Disease prevention begins with immunization
Your immune system is a complex group of cells, tissues and organs working together to protect your body from harmful disease-causing microbes, such as bacteria, and viruses, which may cause an infection. When functioning properly, your immune system prevents these microbes from entering your body. When a microbe does enter your body, your immune system will respond by launching an attack against the microbe to destroy it before it causes an infection.
Immunization is one way to help protect your body against a disease. This process begins with vaccination, or when a vaccine is injected into the body to provide immunity from a specific disease. The vaccine itself contains killed or modified microbes, or parts of microbes, which trigger a reaction alerting the immune system that an infection has occurred, even though there is no actual infection present. The immune system then attacks the vaccine, creating antibodies against the microbe contained in the vaccine. These antibodies allow the body to build immunity against the microbe. If your body is exposed to the microbe again in the future, your immune system will quickly recognize it and take steps to prevent an infection.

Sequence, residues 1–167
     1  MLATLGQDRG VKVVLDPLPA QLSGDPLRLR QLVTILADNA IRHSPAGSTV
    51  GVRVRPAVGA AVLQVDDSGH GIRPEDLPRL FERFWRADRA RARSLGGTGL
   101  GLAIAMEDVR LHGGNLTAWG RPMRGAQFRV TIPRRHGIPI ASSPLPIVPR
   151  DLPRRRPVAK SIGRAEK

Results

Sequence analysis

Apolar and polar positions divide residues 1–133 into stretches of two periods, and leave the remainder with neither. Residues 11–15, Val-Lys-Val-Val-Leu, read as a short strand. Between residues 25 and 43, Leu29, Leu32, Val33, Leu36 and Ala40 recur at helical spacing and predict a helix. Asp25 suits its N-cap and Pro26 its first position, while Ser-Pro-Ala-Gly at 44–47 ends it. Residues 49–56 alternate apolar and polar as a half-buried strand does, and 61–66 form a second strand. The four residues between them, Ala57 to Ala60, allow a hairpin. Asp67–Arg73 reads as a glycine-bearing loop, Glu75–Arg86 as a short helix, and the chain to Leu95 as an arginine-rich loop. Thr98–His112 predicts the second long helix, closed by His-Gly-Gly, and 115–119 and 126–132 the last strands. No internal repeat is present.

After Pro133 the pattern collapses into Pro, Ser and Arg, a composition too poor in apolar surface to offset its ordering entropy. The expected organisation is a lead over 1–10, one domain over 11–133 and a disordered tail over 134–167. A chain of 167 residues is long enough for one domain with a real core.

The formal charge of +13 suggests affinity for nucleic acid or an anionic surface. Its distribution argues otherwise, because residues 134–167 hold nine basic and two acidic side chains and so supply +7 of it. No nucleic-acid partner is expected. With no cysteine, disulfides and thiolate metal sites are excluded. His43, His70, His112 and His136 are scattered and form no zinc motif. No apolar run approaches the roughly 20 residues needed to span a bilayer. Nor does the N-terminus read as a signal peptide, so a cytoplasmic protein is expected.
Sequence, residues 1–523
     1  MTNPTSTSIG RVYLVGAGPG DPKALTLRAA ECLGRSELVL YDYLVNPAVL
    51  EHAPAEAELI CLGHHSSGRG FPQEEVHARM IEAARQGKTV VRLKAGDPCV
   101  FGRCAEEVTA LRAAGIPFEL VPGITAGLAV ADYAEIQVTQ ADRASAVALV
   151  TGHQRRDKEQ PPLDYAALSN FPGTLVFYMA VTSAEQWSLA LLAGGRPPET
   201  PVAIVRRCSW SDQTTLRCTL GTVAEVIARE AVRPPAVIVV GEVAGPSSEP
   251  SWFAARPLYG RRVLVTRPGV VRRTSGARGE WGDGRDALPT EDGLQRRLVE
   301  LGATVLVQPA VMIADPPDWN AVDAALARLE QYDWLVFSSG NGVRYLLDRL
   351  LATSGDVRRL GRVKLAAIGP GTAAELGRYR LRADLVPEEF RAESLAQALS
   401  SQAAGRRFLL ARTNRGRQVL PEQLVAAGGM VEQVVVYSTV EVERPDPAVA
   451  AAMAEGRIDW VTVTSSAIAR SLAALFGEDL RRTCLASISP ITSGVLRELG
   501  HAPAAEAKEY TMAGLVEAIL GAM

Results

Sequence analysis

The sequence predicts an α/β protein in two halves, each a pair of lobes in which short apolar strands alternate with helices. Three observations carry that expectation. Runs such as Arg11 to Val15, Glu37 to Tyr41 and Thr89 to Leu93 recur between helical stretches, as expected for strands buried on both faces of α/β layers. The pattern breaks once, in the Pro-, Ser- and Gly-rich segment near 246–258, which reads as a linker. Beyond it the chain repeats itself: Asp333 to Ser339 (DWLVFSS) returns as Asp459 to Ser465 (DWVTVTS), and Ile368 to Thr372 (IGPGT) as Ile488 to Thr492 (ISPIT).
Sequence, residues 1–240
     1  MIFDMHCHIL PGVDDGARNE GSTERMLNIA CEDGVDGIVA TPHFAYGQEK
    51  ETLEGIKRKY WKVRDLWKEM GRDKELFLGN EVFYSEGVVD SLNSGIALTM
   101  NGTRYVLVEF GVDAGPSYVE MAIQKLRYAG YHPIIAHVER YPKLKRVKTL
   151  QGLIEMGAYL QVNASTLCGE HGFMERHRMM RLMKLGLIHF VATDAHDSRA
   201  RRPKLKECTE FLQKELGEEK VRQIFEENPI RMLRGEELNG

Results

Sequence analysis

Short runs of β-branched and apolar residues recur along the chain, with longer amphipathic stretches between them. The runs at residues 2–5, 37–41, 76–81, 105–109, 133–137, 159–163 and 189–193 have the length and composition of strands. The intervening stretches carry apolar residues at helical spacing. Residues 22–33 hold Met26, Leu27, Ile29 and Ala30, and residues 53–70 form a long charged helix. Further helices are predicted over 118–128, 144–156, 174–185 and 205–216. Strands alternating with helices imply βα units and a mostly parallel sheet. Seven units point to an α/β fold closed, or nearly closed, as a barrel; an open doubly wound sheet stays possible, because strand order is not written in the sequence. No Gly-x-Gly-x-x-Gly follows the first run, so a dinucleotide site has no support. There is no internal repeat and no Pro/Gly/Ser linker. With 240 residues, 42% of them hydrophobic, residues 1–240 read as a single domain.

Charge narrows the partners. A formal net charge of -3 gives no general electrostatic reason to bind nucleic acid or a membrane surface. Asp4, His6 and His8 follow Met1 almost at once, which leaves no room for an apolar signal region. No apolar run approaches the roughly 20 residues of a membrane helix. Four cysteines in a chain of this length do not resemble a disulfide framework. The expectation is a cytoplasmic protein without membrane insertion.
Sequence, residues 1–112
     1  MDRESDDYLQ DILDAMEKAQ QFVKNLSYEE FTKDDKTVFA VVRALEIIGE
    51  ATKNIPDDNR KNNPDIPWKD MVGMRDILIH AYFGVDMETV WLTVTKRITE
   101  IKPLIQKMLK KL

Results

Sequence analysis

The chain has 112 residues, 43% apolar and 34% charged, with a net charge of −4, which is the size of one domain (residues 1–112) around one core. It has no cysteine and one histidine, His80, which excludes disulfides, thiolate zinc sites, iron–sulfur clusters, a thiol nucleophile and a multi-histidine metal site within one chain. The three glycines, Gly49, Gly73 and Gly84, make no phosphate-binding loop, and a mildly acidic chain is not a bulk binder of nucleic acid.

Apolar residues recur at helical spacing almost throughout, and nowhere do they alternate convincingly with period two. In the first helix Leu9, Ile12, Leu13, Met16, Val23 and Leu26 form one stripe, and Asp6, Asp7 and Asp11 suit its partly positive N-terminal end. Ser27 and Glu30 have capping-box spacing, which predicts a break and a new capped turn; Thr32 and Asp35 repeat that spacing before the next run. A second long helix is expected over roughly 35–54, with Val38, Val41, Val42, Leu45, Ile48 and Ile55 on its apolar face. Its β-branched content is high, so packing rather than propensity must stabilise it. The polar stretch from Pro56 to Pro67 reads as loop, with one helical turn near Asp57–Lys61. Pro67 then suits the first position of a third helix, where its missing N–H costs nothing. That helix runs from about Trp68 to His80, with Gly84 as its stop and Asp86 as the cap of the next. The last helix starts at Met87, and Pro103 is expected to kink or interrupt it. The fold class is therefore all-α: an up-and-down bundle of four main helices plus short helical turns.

When you are born, your body has protection from certain diseases thanks to antibodies you receive from your mother. Unfortunately, this protection is only temporary. That’s why pediatricians recommend infants and children receive various vaccinations throughout childhood (click on the chart below for more details). New parents should be sure to talk with their child’s pediatrician about the appropriate vaccination schedule and discuss any questions or concerns about vaccines.
As an adult, it is important to remember the role vaccinations continue to play in keeping you healthy. For example, all adults, age 18 and older, are encouraged to get the flu vaccine each year to protect against the seasonal flu. It is especially important to get the vaccine if you, someone you live with, or someone you care for, has a higher risk of complications from the flu. People at higher risk include infants and children, pregnant women and the elderly.
Additional vaccines are also encouraged for adults, including the Tetanus-diphtheria vaccine, which adults should receive every 10 years. Adults should also receive the one-time vaccine for shingles (caused by the same virus that gave you chickenpox as a child) after age 60. The first dose of the pneumococcal vaccine should be administered at age 65, with a second dose 6-12 months later. If you have specific questions about what vaccinations are best for you, talk with your doctor.